The pathogenesis of PD is not yet clear. Damage in the subnuclei of the substantia nigra pars compacta (SNc) is considered the most important hallmark of PD, leading to dopamine deficiency in striatum. According to the hypothesis of the basal ganglia “rate model” proposed by Albin and Delong,4,5 the loss of dopaminergic input to the striatum causes cascade of functional modification to the basal ganglia circuitry. In brief, the main output nucleus, the globus pallidus internal (GPi), gets rid of the inhibitive pulse through the direct pathway and receives greater excitatory inputs through the indirect pathway. The overall result is the decreased thalamic activity and then the cortical excitability is attenuated. Histopathological studies have shown that 50%–70% of substantia nigra neurons had undergone apoptosis by the time motor symptoms appear.6,7
The asymmetric loss of dopaminergic neurons in bilateral substantia nigra may be one of the causes of asymmetrical symptoms on both sides.3,6 Over half of PD patients show obvious differences in UPDRS III scores of the left and right limbs.8 Studies using fluorine-18-labeled fluorodopa (18F-dopa) PET and single-photon emission CT (SPECT) imply that the amount of tracer uptake decreased obviously in the striatum corresponding to the more affected (MA) side.9,10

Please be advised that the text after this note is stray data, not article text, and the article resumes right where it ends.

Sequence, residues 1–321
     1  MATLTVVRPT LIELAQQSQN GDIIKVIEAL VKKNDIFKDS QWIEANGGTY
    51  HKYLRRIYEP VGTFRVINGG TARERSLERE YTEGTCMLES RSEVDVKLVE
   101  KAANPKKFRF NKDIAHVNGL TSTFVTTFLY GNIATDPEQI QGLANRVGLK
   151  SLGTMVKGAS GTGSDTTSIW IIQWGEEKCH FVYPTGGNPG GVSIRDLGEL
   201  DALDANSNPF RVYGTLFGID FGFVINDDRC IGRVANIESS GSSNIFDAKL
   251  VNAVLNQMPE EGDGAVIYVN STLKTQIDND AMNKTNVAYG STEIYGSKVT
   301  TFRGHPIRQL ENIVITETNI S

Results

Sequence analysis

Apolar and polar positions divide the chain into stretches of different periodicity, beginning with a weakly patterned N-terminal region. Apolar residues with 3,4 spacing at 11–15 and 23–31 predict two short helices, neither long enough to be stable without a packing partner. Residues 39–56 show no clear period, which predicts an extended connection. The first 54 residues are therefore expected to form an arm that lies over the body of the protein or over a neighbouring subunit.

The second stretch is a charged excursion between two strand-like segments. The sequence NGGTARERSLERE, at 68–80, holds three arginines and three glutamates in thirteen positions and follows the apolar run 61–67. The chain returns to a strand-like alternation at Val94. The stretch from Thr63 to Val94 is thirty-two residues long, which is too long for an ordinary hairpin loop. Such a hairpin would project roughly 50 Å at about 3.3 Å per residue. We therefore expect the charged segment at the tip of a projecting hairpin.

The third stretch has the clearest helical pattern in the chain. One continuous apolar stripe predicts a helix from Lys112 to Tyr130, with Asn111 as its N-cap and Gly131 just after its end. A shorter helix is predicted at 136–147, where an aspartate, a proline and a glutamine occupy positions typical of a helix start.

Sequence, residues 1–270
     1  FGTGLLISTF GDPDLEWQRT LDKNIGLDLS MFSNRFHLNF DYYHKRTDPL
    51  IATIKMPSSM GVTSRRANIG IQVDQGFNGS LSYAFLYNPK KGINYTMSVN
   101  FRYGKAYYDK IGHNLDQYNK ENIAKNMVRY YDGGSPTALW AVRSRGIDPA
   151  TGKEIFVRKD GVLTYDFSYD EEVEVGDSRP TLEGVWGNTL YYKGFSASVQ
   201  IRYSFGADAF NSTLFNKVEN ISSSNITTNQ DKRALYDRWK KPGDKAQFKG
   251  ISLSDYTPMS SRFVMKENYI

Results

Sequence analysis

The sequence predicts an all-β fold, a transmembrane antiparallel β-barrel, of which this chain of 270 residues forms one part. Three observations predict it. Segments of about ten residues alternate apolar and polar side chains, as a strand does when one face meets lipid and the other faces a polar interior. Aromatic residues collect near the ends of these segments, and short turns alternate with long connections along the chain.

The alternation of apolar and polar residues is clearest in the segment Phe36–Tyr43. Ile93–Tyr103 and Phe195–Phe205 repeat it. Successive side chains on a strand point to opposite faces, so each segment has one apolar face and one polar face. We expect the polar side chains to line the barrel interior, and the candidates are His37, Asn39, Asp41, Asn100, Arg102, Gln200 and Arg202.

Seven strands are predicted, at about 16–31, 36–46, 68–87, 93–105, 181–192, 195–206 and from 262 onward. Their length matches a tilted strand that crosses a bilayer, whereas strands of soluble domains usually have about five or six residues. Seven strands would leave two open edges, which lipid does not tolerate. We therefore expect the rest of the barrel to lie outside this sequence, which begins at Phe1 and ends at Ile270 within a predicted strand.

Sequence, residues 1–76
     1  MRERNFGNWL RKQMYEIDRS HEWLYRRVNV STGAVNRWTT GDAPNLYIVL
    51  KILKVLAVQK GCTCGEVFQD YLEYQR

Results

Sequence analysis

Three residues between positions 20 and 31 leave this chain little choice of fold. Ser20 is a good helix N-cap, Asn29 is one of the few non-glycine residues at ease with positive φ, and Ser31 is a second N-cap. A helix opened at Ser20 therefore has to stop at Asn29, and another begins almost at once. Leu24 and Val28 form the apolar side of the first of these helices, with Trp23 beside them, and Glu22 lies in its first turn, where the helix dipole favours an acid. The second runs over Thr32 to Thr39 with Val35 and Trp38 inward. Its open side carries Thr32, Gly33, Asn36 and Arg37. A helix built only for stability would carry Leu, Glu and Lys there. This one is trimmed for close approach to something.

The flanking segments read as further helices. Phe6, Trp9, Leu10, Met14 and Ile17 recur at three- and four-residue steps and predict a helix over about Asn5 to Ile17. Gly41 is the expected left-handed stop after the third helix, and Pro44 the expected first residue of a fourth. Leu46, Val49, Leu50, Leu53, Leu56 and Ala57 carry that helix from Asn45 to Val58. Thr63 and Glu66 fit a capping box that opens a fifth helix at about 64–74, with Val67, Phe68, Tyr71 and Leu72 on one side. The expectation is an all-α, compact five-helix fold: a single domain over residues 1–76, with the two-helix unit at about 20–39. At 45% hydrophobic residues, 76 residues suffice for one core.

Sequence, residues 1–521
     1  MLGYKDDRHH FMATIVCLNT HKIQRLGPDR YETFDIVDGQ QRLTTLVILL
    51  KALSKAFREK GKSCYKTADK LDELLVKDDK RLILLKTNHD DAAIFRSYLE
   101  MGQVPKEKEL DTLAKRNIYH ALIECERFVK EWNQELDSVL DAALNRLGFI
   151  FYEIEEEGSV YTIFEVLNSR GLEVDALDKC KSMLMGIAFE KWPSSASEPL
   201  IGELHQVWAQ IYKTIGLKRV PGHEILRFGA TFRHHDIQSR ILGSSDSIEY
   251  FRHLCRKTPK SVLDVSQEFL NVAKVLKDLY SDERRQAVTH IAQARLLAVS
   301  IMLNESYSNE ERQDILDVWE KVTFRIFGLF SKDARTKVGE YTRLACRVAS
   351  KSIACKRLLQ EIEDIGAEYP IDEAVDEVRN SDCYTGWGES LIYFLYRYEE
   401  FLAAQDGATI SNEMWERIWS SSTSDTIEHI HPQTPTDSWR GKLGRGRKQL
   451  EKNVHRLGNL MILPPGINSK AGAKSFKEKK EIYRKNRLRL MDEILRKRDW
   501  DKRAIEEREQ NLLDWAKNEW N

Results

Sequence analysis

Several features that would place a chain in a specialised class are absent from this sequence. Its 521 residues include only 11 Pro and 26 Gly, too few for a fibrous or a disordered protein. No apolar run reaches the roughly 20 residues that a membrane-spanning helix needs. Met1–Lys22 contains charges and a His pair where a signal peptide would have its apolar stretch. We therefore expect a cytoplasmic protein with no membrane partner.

Dopaminergic depletion may also result in changes in neuronal firing activities of the basal ganglia. The symptoms of PD are associated with increased frequency, abnormal firing pattern, and excessive synchronization of oscillatory activities in the basal ganglia, including the STN.11 Direct evidence was absent to illustrate that the firing rate of the STN neurons in PD patients maybe higher than that of the normal human. Increased neuronal firing rate in the STN has been found in animal models of PD and supports the “rate model” of the basal ganglia.5,12 Increased firing rate in the group of patients with advanced symptoms than the group of patients with early symptoms has been previously shown.13 There is still a lack of studies comparing the firing rate in both hemispheres of individual subjects. Therefore, the first hypothesis of our study was that the firing rate on the MA side might be higher than the LA side.
In recent days, the changes in firing patterns and oscillations are considered to play a crucial role in the process of PD.12,14,15 When it comes to oscillatory activity, the β band oscillatory neurons are the most well studied, and based on the evidence, βFB activity has been associated with bradykinesia and rigidity.16 TFB associated oscillation has been correlated with limb tremor.17 As the disease progresses, tremor tends to be less severe while rigidity and bradykinesia may become the dominant problem.18–20 Intra-operative local field potentials (LFPs) from the subthalamic nucleus (STN) indicated that the α/β band oscillations were greater in the MA hemisphere.21 However, it is still unknown whether the firing patterns are different between the MA side and the LA side on the single-unit activity level in human subjects with PD. Therefore, the second hypothesis is βFB oscillatory activities increase with disease progression whereas TFB oscillation is attenuated. In the current study, with the advantage of microelectrode recordings during stereotactic operation, we aimed to shed light on these puzzling doubts. These findings may have important implications for neural signals that can be used to drive adaptive deep brain stimulation (aDBS) in PD.
Materials and Methods
Human Subjects and Clinical Assessment